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Thursday, 5 December 1974


Mr Snedden asked the Prime Minister, upon notice:

(   1 ) Which departments or authorities have responsibility for consumer protection.

(2)   What are these responsibilities.

(3)   Which sections of which departments or authorities are involved.

(4)   How many officers in each department or authority arc involved.

(5   ) What is the total number of officers or employees in all Government departments or authorities concerned with consumer protection activities.


Mr Whitlam - The answer to the right honourable member's question is as follows:

(   1 ) to (5) This Government is more conscious than any of its predecessors of the need for consumer protection and of the government's responsibilities in this area. Our trade practices legislation illustrates the way in which Australia tit last has a government which takes its responsibilities in this area seriously.

The prime statutory responsibility for consumer protection rests on the Trade Practices Tribunal under the Trade Practices Act 1974 which is administered by the AttorneyGeneral.

The development of consumer protection policies, laws, procedures and controls is a complex and continuously evolving matter. In addition to the Trade Practices administration, many authorities of the Australian Government and their staffs are involved in one way or another. These include the following departments and authorities:

Department of Science

Department of Health

Department of Customs and Excise

Department of Housing and Construction

Department of Manufacturing Industry

Department of Agriculture

Department of Transport

Department of Overseas Trade

Department of the Prime Minister and Cabinet

Department of the Capital Territory

Department of the Northern Territory Industries Assistance Commission Prices Justification Tribunal

Consequently it is not practicable to attempt a compilation of a set of numbers to satisfy quantitatively the various parts of the question.

Public Service Board: Appointments on Contract Basis (Question No. 1690)


Mr Snedden asked the Prime Minister, upon notice:

(   1 ) How many persons have been appointed to the Public Service Board on a contract basis in each of the last 3 years.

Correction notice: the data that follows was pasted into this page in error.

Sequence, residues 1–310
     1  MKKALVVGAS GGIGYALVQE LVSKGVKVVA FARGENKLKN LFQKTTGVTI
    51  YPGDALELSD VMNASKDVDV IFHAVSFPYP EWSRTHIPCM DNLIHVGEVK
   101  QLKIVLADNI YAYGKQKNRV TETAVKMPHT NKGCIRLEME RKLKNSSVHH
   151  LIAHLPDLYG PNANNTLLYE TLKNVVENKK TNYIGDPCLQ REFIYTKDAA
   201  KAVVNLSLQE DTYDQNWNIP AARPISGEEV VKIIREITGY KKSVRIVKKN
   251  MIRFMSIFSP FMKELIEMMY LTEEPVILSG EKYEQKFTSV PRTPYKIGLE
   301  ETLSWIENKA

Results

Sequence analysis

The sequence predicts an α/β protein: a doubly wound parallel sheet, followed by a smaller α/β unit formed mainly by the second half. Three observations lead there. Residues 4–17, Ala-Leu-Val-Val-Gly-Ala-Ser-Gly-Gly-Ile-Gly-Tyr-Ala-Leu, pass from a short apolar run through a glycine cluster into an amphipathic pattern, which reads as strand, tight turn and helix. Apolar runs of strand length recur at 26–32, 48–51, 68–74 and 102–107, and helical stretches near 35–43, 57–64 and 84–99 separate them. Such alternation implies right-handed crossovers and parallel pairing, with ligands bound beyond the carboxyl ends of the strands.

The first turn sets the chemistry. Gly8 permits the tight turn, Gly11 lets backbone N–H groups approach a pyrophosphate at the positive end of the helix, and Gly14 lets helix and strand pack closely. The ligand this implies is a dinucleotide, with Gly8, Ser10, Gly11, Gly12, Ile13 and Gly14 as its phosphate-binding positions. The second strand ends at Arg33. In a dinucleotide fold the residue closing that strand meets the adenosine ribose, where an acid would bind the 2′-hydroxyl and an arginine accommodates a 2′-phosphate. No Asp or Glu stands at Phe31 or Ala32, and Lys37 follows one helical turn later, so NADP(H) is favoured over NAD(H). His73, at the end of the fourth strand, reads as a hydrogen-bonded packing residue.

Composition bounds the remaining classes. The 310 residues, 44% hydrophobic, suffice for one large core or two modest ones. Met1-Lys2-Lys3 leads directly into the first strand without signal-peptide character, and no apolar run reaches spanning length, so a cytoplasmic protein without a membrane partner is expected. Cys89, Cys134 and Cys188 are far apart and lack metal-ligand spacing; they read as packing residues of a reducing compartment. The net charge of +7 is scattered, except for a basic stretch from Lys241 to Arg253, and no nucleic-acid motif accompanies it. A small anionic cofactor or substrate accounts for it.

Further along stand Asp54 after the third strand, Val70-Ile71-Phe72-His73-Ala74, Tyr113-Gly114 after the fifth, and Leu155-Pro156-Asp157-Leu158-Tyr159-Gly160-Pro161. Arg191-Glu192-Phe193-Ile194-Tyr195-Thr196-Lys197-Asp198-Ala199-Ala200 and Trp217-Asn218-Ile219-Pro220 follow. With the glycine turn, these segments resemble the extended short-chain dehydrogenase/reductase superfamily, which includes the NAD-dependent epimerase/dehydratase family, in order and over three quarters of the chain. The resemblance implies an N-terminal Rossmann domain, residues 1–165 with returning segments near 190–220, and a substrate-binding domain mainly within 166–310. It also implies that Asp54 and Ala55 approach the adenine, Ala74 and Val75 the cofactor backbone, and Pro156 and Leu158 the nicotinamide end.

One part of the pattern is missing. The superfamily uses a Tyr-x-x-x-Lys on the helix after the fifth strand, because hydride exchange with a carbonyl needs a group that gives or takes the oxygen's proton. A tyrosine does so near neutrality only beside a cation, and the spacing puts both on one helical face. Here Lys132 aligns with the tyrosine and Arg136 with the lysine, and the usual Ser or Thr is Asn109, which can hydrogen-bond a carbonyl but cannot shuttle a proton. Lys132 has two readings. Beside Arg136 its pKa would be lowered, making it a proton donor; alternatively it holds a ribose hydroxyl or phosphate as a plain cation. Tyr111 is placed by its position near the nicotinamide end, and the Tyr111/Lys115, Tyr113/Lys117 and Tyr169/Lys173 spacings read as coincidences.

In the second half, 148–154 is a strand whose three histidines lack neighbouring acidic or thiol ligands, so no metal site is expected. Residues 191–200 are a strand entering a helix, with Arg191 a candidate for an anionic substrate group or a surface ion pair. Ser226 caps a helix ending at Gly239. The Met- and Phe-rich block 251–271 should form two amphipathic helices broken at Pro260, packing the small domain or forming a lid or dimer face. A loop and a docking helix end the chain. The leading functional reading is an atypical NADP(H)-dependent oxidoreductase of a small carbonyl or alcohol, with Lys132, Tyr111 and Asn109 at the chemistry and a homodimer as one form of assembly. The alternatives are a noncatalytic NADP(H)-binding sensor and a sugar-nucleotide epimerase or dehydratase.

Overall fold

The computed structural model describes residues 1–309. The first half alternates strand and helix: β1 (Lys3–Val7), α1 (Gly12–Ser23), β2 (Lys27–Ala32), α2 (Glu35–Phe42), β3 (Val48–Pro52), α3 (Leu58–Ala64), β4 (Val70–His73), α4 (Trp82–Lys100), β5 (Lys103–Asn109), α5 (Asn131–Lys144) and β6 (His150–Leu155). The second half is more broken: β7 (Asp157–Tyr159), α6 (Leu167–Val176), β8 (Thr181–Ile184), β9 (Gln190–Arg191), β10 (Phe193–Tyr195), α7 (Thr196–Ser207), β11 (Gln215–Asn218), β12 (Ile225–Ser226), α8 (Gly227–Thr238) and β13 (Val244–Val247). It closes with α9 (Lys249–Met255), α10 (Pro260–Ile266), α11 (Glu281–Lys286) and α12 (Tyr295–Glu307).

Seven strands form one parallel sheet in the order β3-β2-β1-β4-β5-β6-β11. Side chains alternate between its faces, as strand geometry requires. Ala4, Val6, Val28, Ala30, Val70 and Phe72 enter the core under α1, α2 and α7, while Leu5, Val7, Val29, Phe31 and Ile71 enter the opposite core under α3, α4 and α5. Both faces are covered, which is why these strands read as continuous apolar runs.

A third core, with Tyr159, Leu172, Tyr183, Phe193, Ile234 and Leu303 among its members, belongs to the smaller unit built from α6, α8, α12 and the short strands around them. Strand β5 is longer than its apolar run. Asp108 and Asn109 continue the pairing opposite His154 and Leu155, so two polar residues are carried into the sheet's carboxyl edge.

(2)   Who are they.

(   3 ) What was their previous employment.

(4)   What are the terms and conditions of their employment.

(3)   Has the Public Service Board issued instructions to other departments advising of the methods to be adopted in employing people on contract.

(6)   Do departments keep statistics of the numbers employed on the contract basis.

(7)   If so, what are the details.


Mr Whitlam - The Public Service Board has supplied the following information for answer to the right honourable member's question:

(1)   None.

(2)   to (4) See (1).

(   5 ) to ( 7 ) The Public Service Board has not issued instructions advising the methods to be adopted in employing people on contracts, and departments are not required to maintain statistics of the numbers so employed. Following a recent instruction by me, however, departments are required to obtain the approval of the Board before contract staff are employed.

I also draw the right honourable member's attention to pages 82-83 of the Board's 1974 Annual Report where reference is made to the arrangements used by departments to secure the services of individuals on a non-career basis to perform tasks of an isolated short-term nature where special expertise, competence and skill are required. These references are part of a regular item entitled 'Short-term Engagements and Release of Staff' and examples are also listed.







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